cancel
Showing results for 
Show  only  | Search instead for 
Did you mean: 
javitxu
Visitor
Visitor
854 Views
Registered: ‎09-17-2018

Timing issues when implementing register chain

Jump to solution

Hello everyone,

I am experiencing timing related issues which, to the best I can tell, must be related to the implementation strategy or optimization scope.

Lets start at the beginning: I have a working design which operates at a 50 MHz clock frequency, no special tool optimizations, just standard Vivado strategies. I need it to start working at 100 MHz, which should not pose any problem as there is pretty little logic between registers. But then the routing delays show up and make my design fail timing. No problem: the FPGA is far from crowded and I have no latency constraints so I should be able to create a register chain (no logic in between!) which breaks the route in multiple stages so the design meets timing. Working as I do using an IP integrator based design flow, I create a new IP core with code is as follows:

entity pipeliner is
  generic (size: integer:=1; delay_cycles: integer:=5);
  port(
    input_signal : in 	std_logic_vector(size-1 downto 0);   --Data input
	clk		     : in 	std_logic;
	reset_n      : in		std_logic;
	output_signal: out 	std_logic_vector(size-1 downto 0)   --Floped data
	);
end entity pipeliner;

architecture pipeliner_arch of pipeliner is

	type register_array is array(0 to delay_cycles) of std_logic_vector(size-1 downto 0);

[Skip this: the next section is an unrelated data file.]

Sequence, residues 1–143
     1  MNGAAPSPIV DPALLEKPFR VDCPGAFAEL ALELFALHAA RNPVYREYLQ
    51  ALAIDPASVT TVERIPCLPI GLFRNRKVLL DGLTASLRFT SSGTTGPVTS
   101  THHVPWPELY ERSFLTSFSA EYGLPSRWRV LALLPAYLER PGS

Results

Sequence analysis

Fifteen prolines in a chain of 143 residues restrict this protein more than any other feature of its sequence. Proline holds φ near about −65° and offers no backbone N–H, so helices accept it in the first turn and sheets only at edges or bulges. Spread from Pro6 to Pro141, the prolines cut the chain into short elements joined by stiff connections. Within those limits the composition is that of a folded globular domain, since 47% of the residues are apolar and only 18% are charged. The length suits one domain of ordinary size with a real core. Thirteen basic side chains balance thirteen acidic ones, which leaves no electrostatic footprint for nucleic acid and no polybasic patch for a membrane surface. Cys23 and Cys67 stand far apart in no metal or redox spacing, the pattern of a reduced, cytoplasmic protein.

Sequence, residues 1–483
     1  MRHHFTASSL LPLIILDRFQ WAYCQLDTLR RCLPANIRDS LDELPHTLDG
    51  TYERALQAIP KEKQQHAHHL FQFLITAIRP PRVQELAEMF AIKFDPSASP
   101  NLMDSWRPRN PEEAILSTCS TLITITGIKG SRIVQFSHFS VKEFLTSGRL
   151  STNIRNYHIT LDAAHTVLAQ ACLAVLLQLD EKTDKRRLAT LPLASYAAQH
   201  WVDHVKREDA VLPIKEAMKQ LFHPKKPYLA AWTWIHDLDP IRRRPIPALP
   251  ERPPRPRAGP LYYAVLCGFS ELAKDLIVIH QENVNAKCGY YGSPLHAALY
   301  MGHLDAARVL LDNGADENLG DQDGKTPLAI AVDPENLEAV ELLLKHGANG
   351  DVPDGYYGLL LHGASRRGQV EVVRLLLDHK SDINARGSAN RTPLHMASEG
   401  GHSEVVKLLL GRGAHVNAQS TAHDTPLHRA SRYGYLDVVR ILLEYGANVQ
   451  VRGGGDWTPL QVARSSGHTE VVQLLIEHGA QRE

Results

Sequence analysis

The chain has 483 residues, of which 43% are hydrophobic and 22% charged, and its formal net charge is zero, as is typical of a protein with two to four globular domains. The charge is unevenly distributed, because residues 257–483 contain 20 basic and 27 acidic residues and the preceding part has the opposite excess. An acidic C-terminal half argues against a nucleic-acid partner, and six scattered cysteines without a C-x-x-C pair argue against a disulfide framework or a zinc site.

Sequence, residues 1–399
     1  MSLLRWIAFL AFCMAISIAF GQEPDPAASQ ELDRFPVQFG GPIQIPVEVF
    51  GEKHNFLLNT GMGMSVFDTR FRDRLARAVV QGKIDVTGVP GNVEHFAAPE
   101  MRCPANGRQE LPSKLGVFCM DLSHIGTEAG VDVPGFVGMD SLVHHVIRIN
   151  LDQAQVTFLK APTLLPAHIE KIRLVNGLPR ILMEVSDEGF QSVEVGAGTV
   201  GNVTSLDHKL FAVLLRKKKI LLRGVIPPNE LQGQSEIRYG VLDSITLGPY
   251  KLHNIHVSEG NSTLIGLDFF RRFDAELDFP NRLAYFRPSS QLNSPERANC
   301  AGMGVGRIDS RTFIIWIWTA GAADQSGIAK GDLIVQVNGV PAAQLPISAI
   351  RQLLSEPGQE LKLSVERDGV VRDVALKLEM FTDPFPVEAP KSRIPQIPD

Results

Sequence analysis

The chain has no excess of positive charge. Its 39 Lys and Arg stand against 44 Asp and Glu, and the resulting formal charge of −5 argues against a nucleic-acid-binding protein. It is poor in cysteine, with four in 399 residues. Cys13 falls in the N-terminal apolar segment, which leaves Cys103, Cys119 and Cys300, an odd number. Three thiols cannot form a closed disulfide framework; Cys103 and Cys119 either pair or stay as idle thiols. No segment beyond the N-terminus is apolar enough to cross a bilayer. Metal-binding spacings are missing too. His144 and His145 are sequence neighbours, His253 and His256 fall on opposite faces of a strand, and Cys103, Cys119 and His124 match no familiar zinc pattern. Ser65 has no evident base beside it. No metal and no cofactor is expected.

signal registers: register_array;
begin  -- architecture begin
	process(clk, reset_n)
	begin
		if(reset_n='0') then
			for i in 0 to delay_cycles-1 loop
				registers(i) <= (others=>'0');
			end loop;
		elsif(rising_edge(clk)) then
			registers(0) <= input_signal;
			for i in 0 to delay_cycles-1 loop
				registers(i+1) <= registers(i);
			end loop;
		end if;
	end process;
	output_signal <= registers(delay_cycles);
end architecture;

That code seems to work in simulations, and the post synthesis schematics show a register chain, so I concluded that Vivado inferred just what I wanted.

However, the routing delay is not reduced -at all. Instead of distributing the registers along the route so in each stage the timing is met, the placer puts all registers near the origin so the "jump" from the last register to the destination is virtually the same I had before. It happens the same wether I select an "out of context" or "global" output products generation in synthesis, so it does not seem a synthesis scope problem. Selecting the "post placement optimization" does not solve the problem either: for some reason I dont understand the tool keeps placing all the registers together in one corner. Therefore I end with one stage having ~4.5 ns slack, while the next one fails timing by ~1.2 ns. Is there any command to tell the tool to analyze the possibility of "borrowing" time from one stage to the next? Am I completely overlooking something?

To ilustrate what im saying: this the connection between last register and next block (a FIFO, which explains the connection to all the BRAMs), for one bit:

captura1.png

These are, however, all the connections between the components of the "pieliner" block (only internal connections no input or output connections):

captura2.png

And these are all the cells in the pipeliner core:

captura3.png

(Note that the images are not intended for anything else than giving the general idea of where are the components and how concentrated are in one place).

I finally circumvented the problem by eliminating the "pipeliner" core and selecting a much more aggresive optimization options in Vivado. This solved the problem because the timing failures were few and the slack was not very negative, but I would like to know whether this "register chain" strategy is valid or why not.